Both men are highly intelligent, extremely capable, determined, and reputed to have tempers. McHenry knew that developing an audience for the RMA art would present a challenge. “There was a slither of cognoscenti in this city who understood Asian art,” he says, “and only a small percentage of them were into Himalayan art. Clearly it was going be a struggle to get people in here.”
McHenry believed that RMA had to create social activity around the art, and he credits the Rubins for understanding that. “They knew instinctively from the start that programming had to be a mainstay of the museum. The value of allowing people to be stimulated, to come together on multiple levels—social, intellectual, artistic—was enormous.”
Himalayan art is the point and mission of the museum, but the programs, in addition to getting people in the door, connect the art to everyday life. The Rubin has been “incredibly successful” in making that happen, says Elena Park, an assistant vice-president at the Metropolitan Opera. “The thing that struck me immediately was the way they were able to work Himalayan art into conversations about culture, performance art, visual art, science, films.”
McHenry says the way he programs is “by association, which is the way our minds actually work, rather than by numbers. Making sometimes lateral leaps in different directions surprises and therefore often delights people who would not normally attend a program about the ‘niche’ subject, but might when made relevant to their area of interest.”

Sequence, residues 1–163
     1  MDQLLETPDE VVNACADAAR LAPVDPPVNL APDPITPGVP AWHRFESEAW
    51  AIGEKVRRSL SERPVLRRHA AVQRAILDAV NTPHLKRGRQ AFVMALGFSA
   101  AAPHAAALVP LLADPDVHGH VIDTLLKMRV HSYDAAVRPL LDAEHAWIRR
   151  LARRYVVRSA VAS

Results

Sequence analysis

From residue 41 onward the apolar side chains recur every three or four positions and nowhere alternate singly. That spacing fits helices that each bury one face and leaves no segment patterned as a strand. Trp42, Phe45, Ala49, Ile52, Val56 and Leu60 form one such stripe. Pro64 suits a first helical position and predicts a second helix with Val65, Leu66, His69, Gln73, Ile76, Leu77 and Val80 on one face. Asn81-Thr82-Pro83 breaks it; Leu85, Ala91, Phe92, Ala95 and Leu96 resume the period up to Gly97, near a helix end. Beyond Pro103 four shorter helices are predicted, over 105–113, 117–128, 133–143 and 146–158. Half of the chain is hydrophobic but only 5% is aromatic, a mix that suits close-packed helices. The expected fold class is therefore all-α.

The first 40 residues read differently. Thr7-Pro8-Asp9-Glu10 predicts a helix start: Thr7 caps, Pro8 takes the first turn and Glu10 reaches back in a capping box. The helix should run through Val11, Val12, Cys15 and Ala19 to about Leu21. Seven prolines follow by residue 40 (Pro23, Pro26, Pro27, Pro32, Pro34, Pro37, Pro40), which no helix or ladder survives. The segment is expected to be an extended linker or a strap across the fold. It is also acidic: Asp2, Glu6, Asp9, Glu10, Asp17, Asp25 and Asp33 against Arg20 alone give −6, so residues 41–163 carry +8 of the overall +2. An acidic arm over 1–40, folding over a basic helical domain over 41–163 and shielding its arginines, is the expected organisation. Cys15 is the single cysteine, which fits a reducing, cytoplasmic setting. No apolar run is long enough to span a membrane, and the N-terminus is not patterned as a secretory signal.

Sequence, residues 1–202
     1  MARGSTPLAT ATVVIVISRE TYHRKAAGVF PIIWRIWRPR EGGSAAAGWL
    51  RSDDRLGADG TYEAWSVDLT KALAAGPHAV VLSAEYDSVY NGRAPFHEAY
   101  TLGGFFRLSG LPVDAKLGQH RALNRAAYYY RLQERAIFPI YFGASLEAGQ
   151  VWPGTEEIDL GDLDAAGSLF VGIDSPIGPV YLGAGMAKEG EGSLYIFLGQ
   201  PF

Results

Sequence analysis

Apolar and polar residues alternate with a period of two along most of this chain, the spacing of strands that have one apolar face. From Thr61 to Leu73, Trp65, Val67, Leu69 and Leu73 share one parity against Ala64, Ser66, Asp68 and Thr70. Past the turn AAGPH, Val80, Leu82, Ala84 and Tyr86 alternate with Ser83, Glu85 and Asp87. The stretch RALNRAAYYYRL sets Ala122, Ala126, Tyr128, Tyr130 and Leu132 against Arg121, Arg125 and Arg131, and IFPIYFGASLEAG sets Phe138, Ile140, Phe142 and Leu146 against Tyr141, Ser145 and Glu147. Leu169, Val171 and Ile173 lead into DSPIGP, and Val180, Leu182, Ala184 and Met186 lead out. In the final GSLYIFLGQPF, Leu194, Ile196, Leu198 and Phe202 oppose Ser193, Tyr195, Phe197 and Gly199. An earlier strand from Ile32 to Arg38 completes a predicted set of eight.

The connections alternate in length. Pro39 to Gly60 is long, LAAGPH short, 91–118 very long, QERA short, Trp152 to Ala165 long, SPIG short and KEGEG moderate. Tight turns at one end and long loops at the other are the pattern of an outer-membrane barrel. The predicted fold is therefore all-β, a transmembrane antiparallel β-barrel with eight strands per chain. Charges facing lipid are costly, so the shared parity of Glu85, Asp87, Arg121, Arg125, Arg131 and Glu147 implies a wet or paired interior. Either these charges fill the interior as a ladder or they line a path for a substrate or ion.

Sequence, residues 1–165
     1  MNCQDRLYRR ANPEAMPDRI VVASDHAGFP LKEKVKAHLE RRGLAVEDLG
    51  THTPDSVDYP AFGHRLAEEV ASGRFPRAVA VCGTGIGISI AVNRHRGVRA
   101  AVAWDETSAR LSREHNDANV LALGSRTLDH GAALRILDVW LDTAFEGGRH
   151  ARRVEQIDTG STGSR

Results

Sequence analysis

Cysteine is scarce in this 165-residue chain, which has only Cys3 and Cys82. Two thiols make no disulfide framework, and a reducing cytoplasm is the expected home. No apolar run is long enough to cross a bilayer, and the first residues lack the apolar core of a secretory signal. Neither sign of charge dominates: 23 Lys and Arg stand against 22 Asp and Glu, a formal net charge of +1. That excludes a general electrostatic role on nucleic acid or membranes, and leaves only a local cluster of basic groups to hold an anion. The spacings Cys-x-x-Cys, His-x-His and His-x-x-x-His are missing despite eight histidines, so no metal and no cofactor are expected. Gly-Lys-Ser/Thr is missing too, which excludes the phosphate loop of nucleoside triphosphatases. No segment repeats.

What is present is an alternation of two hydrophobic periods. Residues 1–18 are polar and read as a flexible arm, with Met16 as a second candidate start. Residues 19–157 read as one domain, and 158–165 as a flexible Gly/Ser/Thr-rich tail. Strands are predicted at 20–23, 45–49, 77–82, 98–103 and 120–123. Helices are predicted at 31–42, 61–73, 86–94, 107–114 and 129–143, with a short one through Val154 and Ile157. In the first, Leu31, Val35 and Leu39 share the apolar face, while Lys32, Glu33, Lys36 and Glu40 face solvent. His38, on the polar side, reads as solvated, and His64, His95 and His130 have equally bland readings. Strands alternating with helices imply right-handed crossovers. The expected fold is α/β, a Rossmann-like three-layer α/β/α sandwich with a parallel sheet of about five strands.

Performance artist Laurie Anderson, who has appeared at RMA several times, agrees. “They are really original, able to make very good connections between the art and artists, writers,” she told me. Country singer Roseanne Cash found it almost shockingly easy to pull Himalayan and Buddhist themes from pop songs. “The ‘Wheel of Life’ paintings provided a lot of inspiration and focus. One of my own songs is called ‘The Wheel,’ and I built a show around that. I did shows on the ‘Hungry Ghosts’—there are thousands of songs about craving, never being satisfied.” In “Magic Numbers,” a show she did with Elvis Costello, they only performed songs with numbers in the titles.
RMA programs are an ever-changing array of films, music, dance, and discussions. Much of the programming lands on Friday night, presenting a vertical sampler of the museum’s offerings. The galleries become free after 7 p.m. on Fridays, and while they wait, visitors can stop at the K2 Lounge, recently designated a “City Pick” by influential city guide Time Out New York.
K2, named for the world’s second-highest mountain, emerges at 6 p.m. when dimming lights transform the museum’s daytime cafe into a bar, with liquor, battery-lit candles, and a DJ playing fusion music. Polite patrons line up three-deep at the bar, some to buy the special cocktails that McHenry stirs up each week to go with the films, which happen later. For the showing of The Dark Crystal (Jim Henson and the Muppets, 1982), he says they concocted “something pretty fab, very purple, with pomegranate juice and a large rock crystal of sugar plopped in it.”
At 7 p.m., music begins on the lower level in the museum’s 137-seat theatre. Sometimes jazz, sometimes bluegrass, Irish folk songs, or blues. Always acoustic. Roseanne Cash plays there frequently. “I do love performing in the Rubin theater,” she says. “It’s challenging, and exciting. I realized the first time I performed there how easy it had been to hide behind a microphone. Having all amplification removed felt very naked and a little scary at first, and then, of course, very liberating.”